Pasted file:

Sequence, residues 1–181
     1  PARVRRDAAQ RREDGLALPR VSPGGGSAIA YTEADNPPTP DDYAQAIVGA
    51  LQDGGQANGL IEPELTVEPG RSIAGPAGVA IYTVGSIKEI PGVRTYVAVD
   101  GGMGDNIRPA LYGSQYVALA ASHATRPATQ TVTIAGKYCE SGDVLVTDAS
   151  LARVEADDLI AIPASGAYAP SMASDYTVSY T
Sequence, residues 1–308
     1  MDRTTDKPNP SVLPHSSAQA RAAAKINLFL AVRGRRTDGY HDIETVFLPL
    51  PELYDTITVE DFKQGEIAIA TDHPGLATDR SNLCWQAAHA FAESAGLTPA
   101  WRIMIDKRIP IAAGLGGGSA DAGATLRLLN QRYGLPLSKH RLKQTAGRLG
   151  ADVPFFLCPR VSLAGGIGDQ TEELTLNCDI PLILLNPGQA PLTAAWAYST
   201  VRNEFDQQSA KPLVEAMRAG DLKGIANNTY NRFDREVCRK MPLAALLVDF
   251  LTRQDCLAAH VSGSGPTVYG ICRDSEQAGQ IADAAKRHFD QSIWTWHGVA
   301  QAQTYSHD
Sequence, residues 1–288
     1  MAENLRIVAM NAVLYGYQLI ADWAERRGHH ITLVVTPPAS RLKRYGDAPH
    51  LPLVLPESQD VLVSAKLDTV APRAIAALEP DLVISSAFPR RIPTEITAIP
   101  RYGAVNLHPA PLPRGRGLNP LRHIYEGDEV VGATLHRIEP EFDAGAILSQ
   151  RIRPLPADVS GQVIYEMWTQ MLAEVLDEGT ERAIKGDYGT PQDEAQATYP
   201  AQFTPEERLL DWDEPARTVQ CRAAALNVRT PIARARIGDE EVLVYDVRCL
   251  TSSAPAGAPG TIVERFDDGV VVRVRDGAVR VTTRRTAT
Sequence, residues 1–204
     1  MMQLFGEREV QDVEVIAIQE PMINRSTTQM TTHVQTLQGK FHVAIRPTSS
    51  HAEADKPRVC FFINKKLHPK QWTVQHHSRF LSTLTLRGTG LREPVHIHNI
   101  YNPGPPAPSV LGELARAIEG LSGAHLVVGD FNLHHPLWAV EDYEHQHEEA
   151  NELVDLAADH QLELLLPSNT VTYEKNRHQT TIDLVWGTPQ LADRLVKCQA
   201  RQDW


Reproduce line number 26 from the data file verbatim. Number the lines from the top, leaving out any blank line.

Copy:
   201  RQDW